Data generation is skyrocketing—traditional database systems fail to support “big data”
“Big data” encompass a wide range of the tremendous data generated from various sources such as mobile devices, digital repositories, and enterprise applications. The data can be structured as well as unstructured. It ranges from terabytes—10^12 bytes—to even exabytes—10^18 bytes. Working with “big data” is complex because of the five v’s associated with “big data.” Facebook (FB) gets ~10 million new photos uploaded every hour and Google (GOOG) processes over 24 petaBbytes of data every day. Twitter (TWTR) tweets ~400 million tweets per day. All this shows the magnificent volume, variety, value, and velocity of “big data.”
The previous chart shows the tremendous growth “big data” is expected to experience in the near future. The “big data” market is expected to cross $50 billion by 2017.
RDBMS for data storage
The relational database management system (or RDBMS) had been the one solution for all database needs. Oracle, IBM (IBM), and Microsoft (MSFT) are the leading players of RDBMS. RDBMS uses structured query language (or SQL) to define, query, and update the database. However, the volume and velocity of business data has changed dramatically in the last couple of years. It’s skyrocketing every day.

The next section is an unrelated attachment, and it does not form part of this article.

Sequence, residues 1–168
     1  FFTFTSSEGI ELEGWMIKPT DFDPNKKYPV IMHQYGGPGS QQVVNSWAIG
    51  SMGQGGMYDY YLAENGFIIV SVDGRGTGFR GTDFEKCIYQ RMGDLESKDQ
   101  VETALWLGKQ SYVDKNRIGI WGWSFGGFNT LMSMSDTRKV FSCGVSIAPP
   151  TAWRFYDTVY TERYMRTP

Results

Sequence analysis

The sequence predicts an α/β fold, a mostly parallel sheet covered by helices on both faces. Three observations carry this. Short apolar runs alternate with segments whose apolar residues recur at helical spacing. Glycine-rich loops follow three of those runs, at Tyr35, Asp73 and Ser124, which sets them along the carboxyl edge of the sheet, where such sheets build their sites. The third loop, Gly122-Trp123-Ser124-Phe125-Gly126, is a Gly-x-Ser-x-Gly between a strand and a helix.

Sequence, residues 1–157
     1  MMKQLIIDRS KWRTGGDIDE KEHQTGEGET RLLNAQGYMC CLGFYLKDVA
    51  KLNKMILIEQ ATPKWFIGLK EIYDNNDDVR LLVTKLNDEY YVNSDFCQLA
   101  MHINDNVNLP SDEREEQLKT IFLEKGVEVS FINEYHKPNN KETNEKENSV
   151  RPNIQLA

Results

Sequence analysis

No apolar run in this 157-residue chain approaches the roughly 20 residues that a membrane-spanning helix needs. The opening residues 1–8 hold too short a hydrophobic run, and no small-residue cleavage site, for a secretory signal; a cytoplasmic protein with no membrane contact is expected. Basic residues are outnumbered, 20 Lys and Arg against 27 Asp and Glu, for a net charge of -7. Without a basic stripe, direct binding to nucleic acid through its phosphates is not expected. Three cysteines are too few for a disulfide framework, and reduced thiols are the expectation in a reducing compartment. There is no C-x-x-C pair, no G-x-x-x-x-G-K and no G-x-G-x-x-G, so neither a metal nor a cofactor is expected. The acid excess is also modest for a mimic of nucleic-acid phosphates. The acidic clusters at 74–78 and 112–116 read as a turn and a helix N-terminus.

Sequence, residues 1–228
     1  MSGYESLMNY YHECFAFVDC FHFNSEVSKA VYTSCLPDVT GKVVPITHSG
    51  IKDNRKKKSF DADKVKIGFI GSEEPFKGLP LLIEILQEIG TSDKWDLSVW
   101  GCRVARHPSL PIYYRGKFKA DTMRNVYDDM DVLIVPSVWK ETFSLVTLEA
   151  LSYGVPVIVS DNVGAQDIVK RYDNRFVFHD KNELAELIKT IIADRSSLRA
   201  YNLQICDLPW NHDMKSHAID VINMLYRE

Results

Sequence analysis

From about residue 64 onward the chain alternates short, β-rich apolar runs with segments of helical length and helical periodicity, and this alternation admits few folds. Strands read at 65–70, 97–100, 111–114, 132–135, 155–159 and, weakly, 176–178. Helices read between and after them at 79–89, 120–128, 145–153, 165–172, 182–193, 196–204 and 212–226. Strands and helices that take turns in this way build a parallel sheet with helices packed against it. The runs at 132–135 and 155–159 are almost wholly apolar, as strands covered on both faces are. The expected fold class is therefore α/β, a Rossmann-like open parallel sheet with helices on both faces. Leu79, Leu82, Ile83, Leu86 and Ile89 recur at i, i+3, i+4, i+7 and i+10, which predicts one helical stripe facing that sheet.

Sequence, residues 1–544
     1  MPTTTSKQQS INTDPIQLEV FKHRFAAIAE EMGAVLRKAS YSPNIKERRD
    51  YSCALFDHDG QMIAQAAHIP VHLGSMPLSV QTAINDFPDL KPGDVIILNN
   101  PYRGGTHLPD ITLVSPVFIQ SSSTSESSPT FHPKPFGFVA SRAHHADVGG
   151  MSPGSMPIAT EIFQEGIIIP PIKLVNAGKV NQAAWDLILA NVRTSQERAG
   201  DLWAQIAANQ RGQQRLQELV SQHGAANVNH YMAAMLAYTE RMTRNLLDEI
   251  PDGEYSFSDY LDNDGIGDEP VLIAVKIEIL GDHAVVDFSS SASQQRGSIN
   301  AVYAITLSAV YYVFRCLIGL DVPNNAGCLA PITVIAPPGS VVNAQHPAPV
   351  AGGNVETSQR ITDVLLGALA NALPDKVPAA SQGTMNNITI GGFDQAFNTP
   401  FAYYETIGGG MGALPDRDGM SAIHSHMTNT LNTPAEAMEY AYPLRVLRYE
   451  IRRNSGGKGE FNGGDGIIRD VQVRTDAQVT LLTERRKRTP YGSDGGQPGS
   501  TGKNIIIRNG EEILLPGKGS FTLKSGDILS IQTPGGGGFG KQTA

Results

Limitations of RDBMS to support “big data”
First, the data size has increased tremendously to the range of petabytes—one petabyte = 1,024 terabytes. RDBMS finds it challenging to handle such huge data volumes. To address this, RDBMS added more central processing units (or CPUs) or more memory to the database management system to scale up vertically.
Second, the majority of the data comes in a semi-structured or unstructured format from social media, audio, video, texts, and emails. However, the second problem related to unstructured data is outside the purview of RDBMS because relational databases just can’t categorize unstructured data. They’re designed and structured to accommodate structured data such as weblog sensor and financial data.
Also, “big data” is generated at a very high velocity. RDBMS lacks in high velocity because it’s designed for steady data retention rather than rapid growth. Even if RDBMS is used to handle and store “big data,” it will turn out to be very expensive.
As a result, the inability of relational databases to handle “big data” led to the emergence of new technologies.